Drinking heavily at the tender age of 12 to 18 can have a lasting effect on the person’s health, according to research. These teenagers continue abusing alcohol even as an adult, which can make them vulnerable to liver infections. Research also says that binge drinking can increase the risk of anxiety disorders, metabolic disorders, and depression (9).
5. Risk of sexual abuse and STDs
Sexual abuse is a risk that most binge drinking teenage girls face. They are more likely to have unprotected sex and thus acquire sexually transmitted diseases (STDs). Also, underage girls who binge drink, are more likely to be victims of sexual assault and date rape (10).
6. Alcohol dependence
While binge drinkers are not alcoholics, regular binge drinking during adolescence can lay the foundation to alcohol abuse and dependence in adulthood. Ignoring binge drinking even on one occasion can be a bad idea.
The overall effect of binge drinking varies among teens, depending on when they consume alcohol (after eating or on an empty stomach), how much they consume, and how much time they take to consume it. Researchers suggest the child’s levels of physical and emotional maturity also play a role in the kind of effect binge drinking has on them.
How To Stop Teenage Bing Drinking?
Preventing teenage binge drinking is better than trying to stop it after it has begun. Here are a few precautionary measures:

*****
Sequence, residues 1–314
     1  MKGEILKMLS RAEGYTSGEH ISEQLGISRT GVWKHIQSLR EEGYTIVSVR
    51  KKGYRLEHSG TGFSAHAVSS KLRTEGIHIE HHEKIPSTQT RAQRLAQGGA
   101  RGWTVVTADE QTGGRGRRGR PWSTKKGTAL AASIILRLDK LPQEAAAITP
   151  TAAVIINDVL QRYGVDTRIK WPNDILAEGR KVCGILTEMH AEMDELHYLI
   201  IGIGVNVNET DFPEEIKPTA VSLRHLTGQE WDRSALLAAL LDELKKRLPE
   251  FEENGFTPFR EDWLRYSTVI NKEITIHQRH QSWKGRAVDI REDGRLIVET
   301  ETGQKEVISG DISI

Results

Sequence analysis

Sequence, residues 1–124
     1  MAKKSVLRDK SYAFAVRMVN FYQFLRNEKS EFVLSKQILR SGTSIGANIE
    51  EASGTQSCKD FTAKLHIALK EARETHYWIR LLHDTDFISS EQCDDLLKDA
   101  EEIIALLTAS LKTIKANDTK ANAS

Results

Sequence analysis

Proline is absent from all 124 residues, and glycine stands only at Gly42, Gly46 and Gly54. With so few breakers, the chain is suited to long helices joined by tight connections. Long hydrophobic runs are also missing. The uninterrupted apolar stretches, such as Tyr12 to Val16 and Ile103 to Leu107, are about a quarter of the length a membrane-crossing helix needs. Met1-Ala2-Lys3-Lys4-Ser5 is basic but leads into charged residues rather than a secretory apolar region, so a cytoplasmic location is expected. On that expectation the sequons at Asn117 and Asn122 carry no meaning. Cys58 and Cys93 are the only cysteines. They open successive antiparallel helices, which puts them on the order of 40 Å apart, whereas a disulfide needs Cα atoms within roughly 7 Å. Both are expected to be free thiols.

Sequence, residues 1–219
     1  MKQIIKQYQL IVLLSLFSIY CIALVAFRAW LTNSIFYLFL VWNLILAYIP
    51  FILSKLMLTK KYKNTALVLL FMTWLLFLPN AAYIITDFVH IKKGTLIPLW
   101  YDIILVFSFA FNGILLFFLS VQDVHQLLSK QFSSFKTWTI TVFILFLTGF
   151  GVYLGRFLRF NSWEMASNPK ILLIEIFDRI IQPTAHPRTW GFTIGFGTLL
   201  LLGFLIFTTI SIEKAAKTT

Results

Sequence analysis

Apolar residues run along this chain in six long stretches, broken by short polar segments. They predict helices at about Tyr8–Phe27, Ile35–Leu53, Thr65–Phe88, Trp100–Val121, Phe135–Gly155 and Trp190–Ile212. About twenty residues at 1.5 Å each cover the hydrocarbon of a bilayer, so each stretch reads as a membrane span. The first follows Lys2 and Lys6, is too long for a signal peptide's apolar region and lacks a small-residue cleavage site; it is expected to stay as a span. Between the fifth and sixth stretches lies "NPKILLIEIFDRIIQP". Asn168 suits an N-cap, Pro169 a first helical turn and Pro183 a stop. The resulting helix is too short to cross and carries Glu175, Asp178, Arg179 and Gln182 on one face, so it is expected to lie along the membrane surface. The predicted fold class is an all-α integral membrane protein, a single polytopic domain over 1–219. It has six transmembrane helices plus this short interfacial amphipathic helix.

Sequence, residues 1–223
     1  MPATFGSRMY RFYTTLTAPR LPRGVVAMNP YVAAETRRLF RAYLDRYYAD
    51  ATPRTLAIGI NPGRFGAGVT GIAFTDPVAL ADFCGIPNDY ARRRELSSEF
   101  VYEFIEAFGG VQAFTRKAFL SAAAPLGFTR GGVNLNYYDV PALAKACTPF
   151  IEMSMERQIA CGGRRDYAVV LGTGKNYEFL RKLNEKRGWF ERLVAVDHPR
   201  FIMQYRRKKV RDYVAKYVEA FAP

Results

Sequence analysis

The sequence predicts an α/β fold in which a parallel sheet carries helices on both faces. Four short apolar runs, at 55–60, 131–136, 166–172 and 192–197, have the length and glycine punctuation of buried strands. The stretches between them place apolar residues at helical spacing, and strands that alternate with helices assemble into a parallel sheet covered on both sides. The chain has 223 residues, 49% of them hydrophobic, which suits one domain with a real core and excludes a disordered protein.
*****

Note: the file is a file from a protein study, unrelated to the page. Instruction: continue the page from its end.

- Talk to your teenagers about binge drinking early on. Tell them why it is not a good idea to consume alcohol at their age and explain the risks that they are exposed to when they binge drink. More often than not, teenagers understand the dangers involved in binge drinking and avoid it.
- Teens may indulge in binge drinking when they have problems. If you suspect that your child is drinking, encourage them to talk about their problem. And listen to them without judging.Talking can be cathartic and may reduce the urge to get high to forget problems.
- Make it clear to your teenager that it is NOT OKAY to consume alcohol before they turn 21. Set clear expectations and consequences if they break that rule and enforce the punishment or consequence.
- If your family has a history of alcohol abuse or dependence, let the teenager know about it and its dangers. Explain how they have a higher chance of becoming addicted to alcohol.
- Talk to them about their friends and the kind of activities they spend time on. This will give you an idea of how they behave when they are not with you and whether or not they are at risk of binge drinking.
- Explain how drinking does not make them ‘cool’. Teach them to say no to ‘alcohol’ when their peers have it.
In addition to this, don’t make alcohol easily available. Also, do not give them so much pocket money that can be spent on drinking and drugs. Another way to discourage binge drinking in teens is to engage them in productive activities such as sports, more family time, and maybe a part-time job.
[ Read: Marijuana Effects On Teens ]
Binge drinking should be nipped in the bud, especially when there is a teenager involved. Do you have any suggestions on how to prevent teenage binge drinking? Tell us about them here.